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Impact on learning

Watch QUT’s Professor Kerryann Walsh explain the impact of abuse and neglect on children’s learning
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Child abuse and neglect affects children’s learning and development. These children are generally less ready to learn. The effects of abuse and neglect can manifest differently for different children and can include aggression towards peers, lack of empathy, low frustration tolerance, seeming disinterest in school activities, hyper-vigilance disruptive and antisocial behaviours, or even withdrawal. These conditions can lead to significant effects on learning. It can lead to absenteeism, grade retention, the need for remedial or support classes, school failure and drop out. School become a difficult place for these children to be, and it results in inequitable learning opportunities and outcomes for the victims of child abuse and neglect.
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Children in out-of-home care are arguably the most vulnerable children who suffer from the most serious forms of child abuse and neglect. On average children in care are more likely to attend more than one school in a school year and be older than their classmates and held back from progressing to the next grade. A study in Australia showed that in one school year in Australia, one in three children in out-of-home care missed 20 or more days of school. Almost half had been excluded from a school at sometime. One in five said they were bullied at school always or most of the time, and nearly forty percent said their educational needs were not being met.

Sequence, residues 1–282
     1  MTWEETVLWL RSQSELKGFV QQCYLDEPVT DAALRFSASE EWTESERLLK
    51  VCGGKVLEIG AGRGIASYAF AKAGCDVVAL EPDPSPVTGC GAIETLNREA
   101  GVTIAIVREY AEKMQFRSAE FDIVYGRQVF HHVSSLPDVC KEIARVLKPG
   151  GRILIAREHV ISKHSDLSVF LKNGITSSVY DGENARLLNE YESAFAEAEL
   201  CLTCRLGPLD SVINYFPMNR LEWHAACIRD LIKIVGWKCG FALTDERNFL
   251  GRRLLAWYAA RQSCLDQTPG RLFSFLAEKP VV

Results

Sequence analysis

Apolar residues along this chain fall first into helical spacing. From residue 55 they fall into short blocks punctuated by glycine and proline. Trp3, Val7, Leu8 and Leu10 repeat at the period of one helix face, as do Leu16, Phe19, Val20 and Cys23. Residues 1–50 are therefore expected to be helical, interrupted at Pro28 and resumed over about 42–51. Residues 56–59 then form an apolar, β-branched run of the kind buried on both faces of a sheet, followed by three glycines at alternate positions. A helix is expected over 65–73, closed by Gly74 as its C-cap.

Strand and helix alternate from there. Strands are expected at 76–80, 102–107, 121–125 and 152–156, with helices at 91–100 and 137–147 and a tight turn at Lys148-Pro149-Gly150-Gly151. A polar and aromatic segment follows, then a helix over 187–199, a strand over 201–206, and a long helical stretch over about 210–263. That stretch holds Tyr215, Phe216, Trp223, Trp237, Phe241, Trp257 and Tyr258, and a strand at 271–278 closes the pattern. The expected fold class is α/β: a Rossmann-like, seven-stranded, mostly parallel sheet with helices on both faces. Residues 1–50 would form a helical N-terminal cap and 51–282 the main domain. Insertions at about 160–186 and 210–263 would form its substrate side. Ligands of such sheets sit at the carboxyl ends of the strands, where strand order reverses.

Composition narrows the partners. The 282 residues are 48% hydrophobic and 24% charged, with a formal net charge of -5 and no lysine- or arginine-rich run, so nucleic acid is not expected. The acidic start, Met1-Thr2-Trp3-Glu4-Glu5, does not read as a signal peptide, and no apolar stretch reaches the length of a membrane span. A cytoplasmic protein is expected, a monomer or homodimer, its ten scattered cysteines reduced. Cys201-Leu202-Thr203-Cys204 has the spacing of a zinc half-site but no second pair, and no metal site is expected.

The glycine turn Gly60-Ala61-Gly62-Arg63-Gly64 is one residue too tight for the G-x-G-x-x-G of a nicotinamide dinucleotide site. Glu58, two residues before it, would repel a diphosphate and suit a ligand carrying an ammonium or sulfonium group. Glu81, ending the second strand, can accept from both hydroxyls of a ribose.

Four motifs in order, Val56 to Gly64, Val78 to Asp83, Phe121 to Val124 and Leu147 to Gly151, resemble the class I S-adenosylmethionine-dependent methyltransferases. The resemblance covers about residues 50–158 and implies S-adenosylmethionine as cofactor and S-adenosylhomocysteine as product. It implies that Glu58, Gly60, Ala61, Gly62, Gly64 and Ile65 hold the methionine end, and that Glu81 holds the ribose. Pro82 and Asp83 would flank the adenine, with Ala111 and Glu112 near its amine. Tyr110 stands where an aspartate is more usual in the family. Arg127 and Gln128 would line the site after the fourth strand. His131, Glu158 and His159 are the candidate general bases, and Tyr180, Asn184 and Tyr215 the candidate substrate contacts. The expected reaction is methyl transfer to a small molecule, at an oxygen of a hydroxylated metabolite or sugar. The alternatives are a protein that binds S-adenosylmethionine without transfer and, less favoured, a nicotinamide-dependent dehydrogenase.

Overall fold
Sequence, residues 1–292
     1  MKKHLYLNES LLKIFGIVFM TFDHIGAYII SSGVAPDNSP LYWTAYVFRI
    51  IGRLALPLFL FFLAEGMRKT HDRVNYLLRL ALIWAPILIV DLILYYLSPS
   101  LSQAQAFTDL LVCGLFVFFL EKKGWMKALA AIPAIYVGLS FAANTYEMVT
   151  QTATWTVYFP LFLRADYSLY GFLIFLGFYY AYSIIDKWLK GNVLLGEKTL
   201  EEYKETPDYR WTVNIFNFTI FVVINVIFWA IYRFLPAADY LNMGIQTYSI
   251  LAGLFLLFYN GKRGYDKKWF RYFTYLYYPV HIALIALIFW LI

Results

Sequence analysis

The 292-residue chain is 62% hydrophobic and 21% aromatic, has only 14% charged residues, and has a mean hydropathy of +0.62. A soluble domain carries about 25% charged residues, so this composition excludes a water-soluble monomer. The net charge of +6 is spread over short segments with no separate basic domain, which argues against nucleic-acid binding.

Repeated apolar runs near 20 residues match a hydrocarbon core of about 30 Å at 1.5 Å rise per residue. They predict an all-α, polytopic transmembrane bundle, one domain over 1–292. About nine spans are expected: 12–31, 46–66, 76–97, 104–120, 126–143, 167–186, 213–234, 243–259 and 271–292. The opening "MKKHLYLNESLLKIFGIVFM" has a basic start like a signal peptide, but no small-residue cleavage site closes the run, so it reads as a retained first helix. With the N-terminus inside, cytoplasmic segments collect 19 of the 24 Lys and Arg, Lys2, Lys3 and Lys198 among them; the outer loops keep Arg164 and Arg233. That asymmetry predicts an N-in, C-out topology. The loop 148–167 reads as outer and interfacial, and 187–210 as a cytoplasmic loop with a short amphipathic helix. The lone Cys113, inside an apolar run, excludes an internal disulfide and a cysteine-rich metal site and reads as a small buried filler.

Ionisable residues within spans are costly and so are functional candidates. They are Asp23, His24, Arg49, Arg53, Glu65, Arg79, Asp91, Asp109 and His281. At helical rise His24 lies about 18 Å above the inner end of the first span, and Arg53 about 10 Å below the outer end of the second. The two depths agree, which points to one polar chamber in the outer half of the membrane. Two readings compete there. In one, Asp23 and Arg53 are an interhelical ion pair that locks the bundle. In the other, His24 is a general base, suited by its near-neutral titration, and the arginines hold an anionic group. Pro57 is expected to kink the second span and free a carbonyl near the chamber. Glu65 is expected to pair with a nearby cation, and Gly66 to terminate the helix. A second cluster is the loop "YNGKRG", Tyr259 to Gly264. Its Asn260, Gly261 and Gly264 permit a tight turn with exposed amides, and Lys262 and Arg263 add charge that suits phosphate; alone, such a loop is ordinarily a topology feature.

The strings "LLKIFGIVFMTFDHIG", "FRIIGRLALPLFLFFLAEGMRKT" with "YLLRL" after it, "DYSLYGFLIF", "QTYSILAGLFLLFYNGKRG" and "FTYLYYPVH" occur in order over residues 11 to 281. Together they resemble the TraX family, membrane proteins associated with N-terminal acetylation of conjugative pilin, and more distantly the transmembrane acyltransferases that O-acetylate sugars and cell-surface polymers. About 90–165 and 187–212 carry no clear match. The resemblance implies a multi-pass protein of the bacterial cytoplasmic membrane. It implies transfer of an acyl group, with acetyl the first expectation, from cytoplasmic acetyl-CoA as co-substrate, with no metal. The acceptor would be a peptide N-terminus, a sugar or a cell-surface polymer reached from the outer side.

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Very few of them even knew if they had an education plan. Results from Australia’s literacy and numeracy tests show that educational outcomes for children in out-of-home care are well below those of their peers. Child maltreatment negatively affects so many aspects of children’s functioning that are connected to their success at school. The good news though is that abuse survivors can overcome these effects and together educators and professionals who support children can improve their educational outcomes.
In this introductory video, I will provide an overview of child maltreatment and learning. As the statistics I refer to are from Australia, I encourage you to research the details of child abuse and neglect in your own country and share your thoughts with us in the comments section.
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